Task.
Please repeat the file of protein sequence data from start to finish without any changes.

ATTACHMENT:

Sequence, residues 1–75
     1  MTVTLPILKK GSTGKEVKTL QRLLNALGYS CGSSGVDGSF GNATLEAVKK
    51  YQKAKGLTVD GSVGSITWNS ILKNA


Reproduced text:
Sequence, residues 1–75
     1  MTVTLPILKK GSTGKEVKTL QRLLNALGYS CGSSGVDGSF GNATLEAVKK
    51  YQKAKGLTVD GSVGSITWNS ILKNA